I admire creative people who can think of an easier way to do something and create a business out it. Even though the economy is struggling, there is always opportunity to find a better way. Sometimes it is simply improving what already exists, such as a vacuum cleaner or fan. That is why I found this article about James Dyson very interesting: Bold Designs for Humble Items.
There hasn’t been much talk these days about small business, but maybe politicians should think about ways to help the entrepreneurs start businesses and succeed. They could increase incentives and funding, and could lower taxes for small businesses. Wouldn’t this in the long run set the stage for a strong recovery, restore our trade competitiveness, and create more jobs?
The research from a few years ago seems to indicate it: “Small firms (employing less than 500 employees): Represent 99.7 percent of all employer firms, employ about half of all private sector employees, pay nearly 45 percent of total U.S. private payroll, have generated 60 to 80 percent of net new jobs annually over the last decade, create more than half of non-farm private gross domestic product (GDP), hire 40 percent of high-tech workers (such as scientists, engineers, and computer workers), are 52 percent home-based and 2 percent franchises, made up 97.3 percent of all identified exporters and produced 28.9 percent of the known export value in FY 2006, produce 13 times more patents per employee than large patenting firms; these patents are twice as likely as large firm patents to be among the one percent most cited.”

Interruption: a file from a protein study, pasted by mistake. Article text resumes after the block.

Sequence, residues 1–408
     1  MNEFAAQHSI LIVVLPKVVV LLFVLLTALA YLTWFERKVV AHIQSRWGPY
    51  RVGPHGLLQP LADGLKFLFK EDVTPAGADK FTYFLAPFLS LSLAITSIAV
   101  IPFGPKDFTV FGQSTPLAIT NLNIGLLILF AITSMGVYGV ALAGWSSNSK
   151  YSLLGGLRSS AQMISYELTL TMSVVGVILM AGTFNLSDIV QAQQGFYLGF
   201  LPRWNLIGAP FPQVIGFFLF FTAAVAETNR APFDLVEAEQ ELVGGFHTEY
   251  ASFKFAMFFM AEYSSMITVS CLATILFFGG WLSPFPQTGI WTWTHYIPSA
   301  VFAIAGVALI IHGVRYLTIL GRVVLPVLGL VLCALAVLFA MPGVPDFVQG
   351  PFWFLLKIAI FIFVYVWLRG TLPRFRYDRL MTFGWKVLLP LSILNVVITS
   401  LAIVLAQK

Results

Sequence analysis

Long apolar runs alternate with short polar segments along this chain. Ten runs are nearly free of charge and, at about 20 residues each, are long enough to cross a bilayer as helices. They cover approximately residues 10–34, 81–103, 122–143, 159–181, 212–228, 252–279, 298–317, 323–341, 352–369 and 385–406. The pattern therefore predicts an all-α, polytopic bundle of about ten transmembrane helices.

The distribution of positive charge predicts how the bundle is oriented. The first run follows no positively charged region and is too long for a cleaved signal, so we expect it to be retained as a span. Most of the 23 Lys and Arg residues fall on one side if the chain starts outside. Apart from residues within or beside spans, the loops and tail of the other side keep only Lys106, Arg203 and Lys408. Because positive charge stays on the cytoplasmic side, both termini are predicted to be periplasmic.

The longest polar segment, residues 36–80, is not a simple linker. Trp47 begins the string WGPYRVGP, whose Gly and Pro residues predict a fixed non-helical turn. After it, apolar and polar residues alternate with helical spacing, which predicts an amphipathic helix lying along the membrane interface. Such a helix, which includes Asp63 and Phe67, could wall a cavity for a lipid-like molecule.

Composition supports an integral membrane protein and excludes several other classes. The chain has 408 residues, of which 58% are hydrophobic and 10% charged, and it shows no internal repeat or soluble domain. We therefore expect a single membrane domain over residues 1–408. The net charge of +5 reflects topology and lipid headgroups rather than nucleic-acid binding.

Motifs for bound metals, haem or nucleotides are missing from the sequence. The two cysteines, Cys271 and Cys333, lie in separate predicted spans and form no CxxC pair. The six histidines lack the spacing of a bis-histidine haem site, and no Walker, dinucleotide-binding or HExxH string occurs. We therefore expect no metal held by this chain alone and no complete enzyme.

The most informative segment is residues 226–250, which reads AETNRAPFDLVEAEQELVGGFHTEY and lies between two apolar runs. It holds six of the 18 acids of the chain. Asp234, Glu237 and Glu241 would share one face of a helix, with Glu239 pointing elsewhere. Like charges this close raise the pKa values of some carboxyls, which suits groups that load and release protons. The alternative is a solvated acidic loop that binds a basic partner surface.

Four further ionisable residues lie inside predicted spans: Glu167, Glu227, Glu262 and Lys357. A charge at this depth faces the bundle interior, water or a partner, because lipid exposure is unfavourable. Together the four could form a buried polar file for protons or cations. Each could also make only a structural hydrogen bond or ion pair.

Source: U.S. Dept. of Commerce, Bureau of the Census and International Trade Administration; Advocacy-funded research by Kathryn Kobe, 2007 (sba.gov/advo/research/rs299tot.pdf) and CHI Research, 2003 (sba.gov/advo/research/rs225tot.pdf); Federal Procurement Data System; U.S. Dept. of Labor, Bureau of Labor Statistics”